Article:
At least 80 people were killed and 160 were wounded in an explosion that tore through the University of Aleppo in Syria's second largest city on Tuesday.
State television said there had been one explosion at the university, which lies in the government-controlled area, describing it as a "terrorist attack."
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The governor of Aleppo, Mohammed Wahid Akkad blamed a "terrorist attack that targeted students on their first day of exams."
Rebels have used car bombs and suicide attacks in fighting government forces and attacking government-controlled areas.
State television footage showed at least one body lying on the street and several cars burning.
A spokesman for the Syrian military said that the university building was hit by missiles fired by rebel forces.
He added that Syrian jets struck the nearest rebel stronghold, about a mile from the university.
University of Aleppo (Photos: AFP)
Syria's UN envoy told the UN Security Council that the explosion was the result of a "Cowardly terrorist act targeted the students of Aleppo University as they sat for their midterm examinations."
Eyewitness reports, however, paint a different, horrific, picture: Tuesday was the first day of the winter semester in the university.
According to several students that survived the inferno, moments before Syrian Migs bombed the school, Assad's syrian security forces swarmed the grounds and shut the building doors to prevent anyone from leaving.
"This was a premeditated massacre," one student said. "There are no words to describe the scene."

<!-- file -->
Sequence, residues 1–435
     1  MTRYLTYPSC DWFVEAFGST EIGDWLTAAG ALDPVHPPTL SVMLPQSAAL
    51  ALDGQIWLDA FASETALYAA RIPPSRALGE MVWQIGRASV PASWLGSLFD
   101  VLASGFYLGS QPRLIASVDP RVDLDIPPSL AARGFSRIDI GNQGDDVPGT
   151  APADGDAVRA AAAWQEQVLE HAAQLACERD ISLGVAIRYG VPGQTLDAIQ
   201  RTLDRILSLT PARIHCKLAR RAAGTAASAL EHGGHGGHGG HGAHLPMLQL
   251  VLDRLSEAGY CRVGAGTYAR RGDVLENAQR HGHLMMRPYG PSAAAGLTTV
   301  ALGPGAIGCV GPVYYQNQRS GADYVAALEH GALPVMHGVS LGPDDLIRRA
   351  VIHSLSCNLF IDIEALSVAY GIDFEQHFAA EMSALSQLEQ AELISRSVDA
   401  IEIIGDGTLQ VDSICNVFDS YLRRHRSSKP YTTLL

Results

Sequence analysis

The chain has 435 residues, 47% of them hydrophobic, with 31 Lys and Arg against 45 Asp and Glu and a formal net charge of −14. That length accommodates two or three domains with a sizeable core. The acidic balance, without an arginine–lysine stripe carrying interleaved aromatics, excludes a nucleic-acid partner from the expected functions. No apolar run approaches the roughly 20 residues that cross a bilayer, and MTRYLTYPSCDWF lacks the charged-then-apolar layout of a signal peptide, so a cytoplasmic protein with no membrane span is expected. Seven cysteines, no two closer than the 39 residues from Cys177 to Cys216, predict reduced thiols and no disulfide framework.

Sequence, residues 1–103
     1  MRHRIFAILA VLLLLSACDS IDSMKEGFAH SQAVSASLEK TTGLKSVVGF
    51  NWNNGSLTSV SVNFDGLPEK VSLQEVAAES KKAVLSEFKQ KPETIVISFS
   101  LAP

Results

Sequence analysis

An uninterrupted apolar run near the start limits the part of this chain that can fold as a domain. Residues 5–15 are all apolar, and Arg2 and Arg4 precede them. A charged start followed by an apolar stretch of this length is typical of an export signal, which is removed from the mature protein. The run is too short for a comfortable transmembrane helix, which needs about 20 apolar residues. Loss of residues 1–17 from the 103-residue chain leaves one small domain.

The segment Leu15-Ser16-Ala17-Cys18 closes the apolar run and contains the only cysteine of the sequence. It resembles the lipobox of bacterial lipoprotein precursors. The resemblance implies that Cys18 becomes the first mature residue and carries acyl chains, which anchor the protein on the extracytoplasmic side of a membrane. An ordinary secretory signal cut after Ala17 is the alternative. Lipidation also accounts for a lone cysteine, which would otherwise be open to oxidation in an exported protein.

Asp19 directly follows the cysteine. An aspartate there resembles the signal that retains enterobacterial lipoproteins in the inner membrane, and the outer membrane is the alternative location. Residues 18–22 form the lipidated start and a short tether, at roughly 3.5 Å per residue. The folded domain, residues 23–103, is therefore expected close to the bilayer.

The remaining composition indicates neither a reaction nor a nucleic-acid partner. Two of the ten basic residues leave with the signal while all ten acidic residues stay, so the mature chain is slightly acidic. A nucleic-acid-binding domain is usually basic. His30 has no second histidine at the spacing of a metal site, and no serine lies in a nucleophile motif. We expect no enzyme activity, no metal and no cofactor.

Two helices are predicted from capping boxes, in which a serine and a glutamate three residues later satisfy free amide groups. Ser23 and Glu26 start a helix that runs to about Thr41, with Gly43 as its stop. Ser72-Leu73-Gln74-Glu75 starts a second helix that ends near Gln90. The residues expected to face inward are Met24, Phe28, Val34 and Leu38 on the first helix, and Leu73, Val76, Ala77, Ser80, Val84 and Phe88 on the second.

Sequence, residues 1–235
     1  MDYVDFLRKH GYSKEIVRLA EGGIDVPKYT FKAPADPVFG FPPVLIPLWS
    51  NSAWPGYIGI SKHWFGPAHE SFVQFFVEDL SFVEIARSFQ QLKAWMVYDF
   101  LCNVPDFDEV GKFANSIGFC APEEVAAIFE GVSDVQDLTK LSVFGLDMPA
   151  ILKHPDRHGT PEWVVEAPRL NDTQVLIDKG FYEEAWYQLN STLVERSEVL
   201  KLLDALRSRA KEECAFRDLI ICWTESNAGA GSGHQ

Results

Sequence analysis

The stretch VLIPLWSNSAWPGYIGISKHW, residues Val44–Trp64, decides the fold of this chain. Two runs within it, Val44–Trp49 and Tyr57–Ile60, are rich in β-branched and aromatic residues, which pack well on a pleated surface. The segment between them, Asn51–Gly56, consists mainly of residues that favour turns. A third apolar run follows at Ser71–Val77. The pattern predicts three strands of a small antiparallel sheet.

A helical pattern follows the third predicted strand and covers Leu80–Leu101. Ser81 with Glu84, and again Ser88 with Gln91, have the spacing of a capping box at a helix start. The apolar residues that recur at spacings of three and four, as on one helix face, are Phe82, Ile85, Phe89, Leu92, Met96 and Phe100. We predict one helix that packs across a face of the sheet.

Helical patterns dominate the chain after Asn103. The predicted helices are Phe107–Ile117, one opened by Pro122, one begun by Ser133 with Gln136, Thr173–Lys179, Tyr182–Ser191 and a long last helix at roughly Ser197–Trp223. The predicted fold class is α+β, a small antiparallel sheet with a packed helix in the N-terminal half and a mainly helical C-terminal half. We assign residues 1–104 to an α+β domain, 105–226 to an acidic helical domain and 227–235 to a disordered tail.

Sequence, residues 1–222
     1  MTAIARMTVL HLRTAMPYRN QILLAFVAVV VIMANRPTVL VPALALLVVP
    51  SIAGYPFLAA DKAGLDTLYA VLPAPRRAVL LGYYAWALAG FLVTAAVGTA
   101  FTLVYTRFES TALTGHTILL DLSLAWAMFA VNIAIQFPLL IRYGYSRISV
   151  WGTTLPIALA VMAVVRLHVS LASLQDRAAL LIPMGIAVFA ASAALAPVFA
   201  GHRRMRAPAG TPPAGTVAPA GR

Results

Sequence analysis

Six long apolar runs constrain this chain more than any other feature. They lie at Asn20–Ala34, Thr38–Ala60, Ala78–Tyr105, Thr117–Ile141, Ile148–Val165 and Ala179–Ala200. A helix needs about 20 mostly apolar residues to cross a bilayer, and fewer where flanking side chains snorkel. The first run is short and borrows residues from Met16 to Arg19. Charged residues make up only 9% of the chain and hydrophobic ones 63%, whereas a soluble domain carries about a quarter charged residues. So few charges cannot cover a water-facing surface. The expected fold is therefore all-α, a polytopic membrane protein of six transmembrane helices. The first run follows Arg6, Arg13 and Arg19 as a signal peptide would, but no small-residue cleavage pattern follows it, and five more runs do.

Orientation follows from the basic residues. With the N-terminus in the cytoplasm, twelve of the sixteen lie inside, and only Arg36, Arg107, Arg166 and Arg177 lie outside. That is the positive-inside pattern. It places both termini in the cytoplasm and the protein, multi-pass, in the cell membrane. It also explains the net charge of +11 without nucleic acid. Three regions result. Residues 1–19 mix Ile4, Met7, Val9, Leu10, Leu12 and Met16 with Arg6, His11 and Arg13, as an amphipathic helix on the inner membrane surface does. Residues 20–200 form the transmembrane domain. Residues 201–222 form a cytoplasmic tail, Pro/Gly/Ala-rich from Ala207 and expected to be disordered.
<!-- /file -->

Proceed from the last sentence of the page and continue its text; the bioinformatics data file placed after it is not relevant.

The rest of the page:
A premeditated massacre?
Following the blast, Russia said was suspending operations at its consulate in Aleppo.
"The activity of the consulate of the Russian Federation in Aleppo… has been temporarily suspended," Moscow said in a statement.
Aleppo, now in ruins, was Syria's financial capital. Since July is has become the stage of bloody battles between Assad's forces and the rebels, with neither side being able to take control of it. The Rebels claim they control more than half the province.
The international Red Cross says that more than 600,000 Syrians have fled Syria from, with an average of 3,000 fleeing the atrocities perpetrated by Syrian President Bashar Assad's army everyday.
The UN believed over 60,000 people have been killed in the near-two-years revolt meant to topple Assad's regime.
The Syrian president insists that he will not step down and that the blood-drenched revolution in his country is "fictitious."
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